RIDGEWAY v. STATE

No. 40788.

232 Miss. 588 (1958)

100 So.2d 99

RIDGEWAY v. STATE

Supreme Court of Mississippi.

January 27, 1958.


Attorney(s) appearing for the Case

George W. Currie, George C. Currie, Hattiesburg, for appellant.

J.R. Griffin, Asst. Atty. Gen., Jackson, for appellee.


McGEHEE, C.J.

The appellant, Rev. W.D. Ridgeway, was charged in a citation by the District Attorney of a constructive criminal contempt of the Circuit Court of Forrest County, and was found guilty and sentenced to pay a fine of $10 and serve one day in the county jail. He was subpeonaed as a witness for the defense to appear in the circuit court on September 4, 1957, in the case of State of Mississippi v. David Royce Shoemake. The proof on the hearing of the citation for contempt disclosed that when he received his subpoena he examined the same only to the extent of ascertaining the date and hour at which he was to appear at court. He appeared at court pursuant to the subpoena on September 4, 1957.

While in the defense witness' room with other witnesses, some other witnesses whose names he called, and which fact is undisputed, came to the witness room and announced that "the case is off", (meaning the case of the State v. Shoemake.) Thereupon, the Rev. Ridgeway, a Baptist preacher in Hattiesburg, Mississippi, left the courthouse and went home. During that day the announcement was made by the circuit judge in the courtroom that the witnesses in the case of State v. Shoemake were to appear again on the next morning at 9 o'clock. The sheriff testified that he did not see Rev. Ridgeway in the courtroom at the time of this announcement, and the Rev. Ridgeway testified to the same effect. On the next morning, September 5, 1957, the case of the State v. Shoemake was called, the State announced ready for trial, and the defendant's counsel, upon learning that the Rev. Ridgeway was not present on the said September 5, 1957, caused an attachment to be issued for him and he was brought into the courtroom within about forty-five minutes thereafter. He resided in Hattiesburg and was at his home in his study at the time the attachment was served. He thereupon came to the courthouse, and in response to an inquiry made of him by the circuit judge, he stated "Well, sir, the only thing I can say, I did not do it intentionally, I am sorry. Very sorry, because I would not have done it intentionally and knowingly for anything in the world."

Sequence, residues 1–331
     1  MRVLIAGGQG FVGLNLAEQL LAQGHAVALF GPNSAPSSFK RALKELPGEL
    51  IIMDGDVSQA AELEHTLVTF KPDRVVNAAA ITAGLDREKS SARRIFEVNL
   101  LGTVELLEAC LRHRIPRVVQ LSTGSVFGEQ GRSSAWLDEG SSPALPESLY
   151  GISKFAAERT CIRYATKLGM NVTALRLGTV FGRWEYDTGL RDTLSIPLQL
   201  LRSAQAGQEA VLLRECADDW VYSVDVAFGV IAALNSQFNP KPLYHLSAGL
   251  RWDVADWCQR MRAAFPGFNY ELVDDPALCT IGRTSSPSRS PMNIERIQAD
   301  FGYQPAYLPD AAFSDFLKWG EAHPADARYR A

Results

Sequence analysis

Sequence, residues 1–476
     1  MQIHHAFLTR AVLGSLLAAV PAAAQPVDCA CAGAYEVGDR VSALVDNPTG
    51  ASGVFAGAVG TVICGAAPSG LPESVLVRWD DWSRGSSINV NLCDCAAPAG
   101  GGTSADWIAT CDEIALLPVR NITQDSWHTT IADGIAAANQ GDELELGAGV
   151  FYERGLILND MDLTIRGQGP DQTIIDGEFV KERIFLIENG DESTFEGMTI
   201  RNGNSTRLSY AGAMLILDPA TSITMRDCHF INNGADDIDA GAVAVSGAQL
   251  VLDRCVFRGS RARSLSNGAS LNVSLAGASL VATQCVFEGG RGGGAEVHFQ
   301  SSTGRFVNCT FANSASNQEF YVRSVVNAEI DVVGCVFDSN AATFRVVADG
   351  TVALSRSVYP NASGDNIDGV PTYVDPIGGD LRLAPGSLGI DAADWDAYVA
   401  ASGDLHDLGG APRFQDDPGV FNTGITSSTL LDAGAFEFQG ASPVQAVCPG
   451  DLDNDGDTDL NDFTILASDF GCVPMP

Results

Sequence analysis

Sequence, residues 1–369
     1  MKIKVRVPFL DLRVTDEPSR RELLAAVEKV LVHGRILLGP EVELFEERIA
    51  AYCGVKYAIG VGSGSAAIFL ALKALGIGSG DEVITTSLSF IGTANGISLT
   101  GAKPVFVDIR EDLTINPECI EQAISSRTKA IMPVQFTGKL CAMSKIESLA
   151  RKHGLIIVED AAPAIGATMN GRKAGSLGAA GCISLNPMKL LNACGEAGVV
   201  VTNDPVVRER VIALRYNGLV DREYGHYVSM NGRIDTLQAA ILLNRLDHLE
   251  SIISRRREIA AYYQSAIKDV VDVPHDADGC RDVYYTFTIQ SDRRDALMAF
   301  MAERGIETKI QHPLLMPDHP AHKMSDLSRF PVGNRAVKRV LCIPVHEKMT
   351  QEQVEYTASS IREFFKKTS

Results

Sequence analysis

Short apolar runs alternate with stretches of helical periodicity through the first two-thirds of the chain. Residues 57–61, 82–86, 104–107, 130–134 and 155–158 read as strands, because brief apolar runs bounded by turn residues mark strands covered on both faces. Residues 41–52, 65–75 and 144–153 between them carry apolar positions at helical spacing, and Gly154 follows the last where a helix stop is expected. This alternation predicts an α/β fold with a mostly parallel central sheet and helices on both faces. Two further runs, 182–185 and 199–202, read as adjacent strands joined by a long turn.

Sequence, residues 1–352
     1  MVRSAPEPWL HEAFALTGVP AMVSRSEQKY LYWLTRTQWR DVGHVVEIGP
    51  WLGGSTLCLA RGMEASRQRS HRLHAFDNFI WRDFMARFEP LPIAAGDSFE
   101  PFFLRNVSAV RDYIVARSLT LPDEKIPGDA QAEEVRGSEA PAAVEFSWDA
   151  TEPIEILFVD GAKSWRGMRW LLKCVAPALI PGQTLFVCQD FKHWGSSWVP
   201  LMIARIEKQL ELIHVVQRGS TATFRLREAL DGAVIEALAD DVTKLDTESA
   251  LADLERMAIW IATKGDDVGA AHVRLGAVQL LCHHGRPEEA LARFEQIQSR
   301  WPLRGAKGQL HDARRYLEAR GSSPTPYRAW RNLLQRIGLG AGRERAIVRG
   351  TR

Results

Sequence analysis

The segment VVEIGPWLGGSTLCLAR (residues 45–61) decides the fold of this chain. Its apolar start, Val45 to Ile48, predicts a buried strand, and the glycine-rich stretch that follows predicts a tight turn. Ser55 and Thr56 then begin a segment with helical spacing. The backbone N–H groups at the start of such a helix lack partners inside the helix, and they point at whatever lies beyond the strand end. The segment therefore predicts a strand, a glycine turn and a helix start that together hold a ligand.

The hearing on the contempt proceeding was then set for September 6, 1957, and at that hearing the appellant repeated in substance the same statement that he had made to the judge on the day before. It was undisputed that two of the witnesses had stated in the presence of the appellant on September 4th that the case in which he was subpoenaed as a witness "was off", and while we are of the opinion that he should have gotten permission of some official of the court, we do not think the proof in this record is sufficient to show beyond any reasonable doubt that the conduct of the witness was in willful and utter disregard of the orders of the court, or a willful disobedience of any order of the court, which, to a "substantial degree, was calculated and intended to impede, embarrass, obstruct, defeat and corrupt the administration of the court." Nor do we find any evidence in the record to show that the appellant "offered no legal or reasonable excuse or explanation for his willful disobedience of the process of the court," as alleged in the citation.

The appellant had never been before a court, either as a defendant or as a witness, prior to the occasion in question, and while he may not have been justified in assuming that he should not be back at court on September 5, 1957, we do not think that the proof is sufficient to show that he was guilty beyond a reasonable doubt of a constructive criminal contempt. In the case of Brannon v. State, 202 Miss. 571, 29 So.2d 916, this Court held that the State must prove a constructive contempt beyond a reasonable doubt, and that the defendant is clothed with the presumption of innocence until such proof is made. We recognize that it is commendable on the part of a judge to insist upon the process of the court being obeyed in order to avoid any delay in the administration of justice, (Hn 1) but we have reached the conclusion in this case that the proof is insufficient to show beyond a reasonable doubt that the conduct of this witness was willful and intended, as being in disregard of the authority, dignity, or the process of the court under the facts and circumstances hereinbefore stated, and that therefore the judgment whereby the Rev. Ridgeway was adjudged in willful contempt of the court, sentenced to pay a fine of $10, and serve a day of imprisonment in the county jail, should be reversed and that he should be discharged.

Reversed and appellant discharged.

Hall, Kyle, Holmes and Ethridge, JJ., concur.


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